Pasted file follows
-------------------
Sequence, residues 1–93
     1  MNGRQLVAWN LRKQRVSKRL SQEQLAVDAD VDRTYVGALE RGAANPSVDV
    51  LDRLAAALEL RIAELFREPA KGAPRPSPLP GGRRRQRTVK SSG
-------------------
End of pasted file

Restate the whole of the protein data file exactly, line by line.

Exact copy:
Sequence, residues 1–93
     1  MNGRQLVAWN LRKQRVSKRL SQEQLAVDAD VDRTYVGALE RGAANPSVDV
    51  LDRLAAALEL RIAELFREPA KGAPRPSPLP GGRRRQRTVK SSG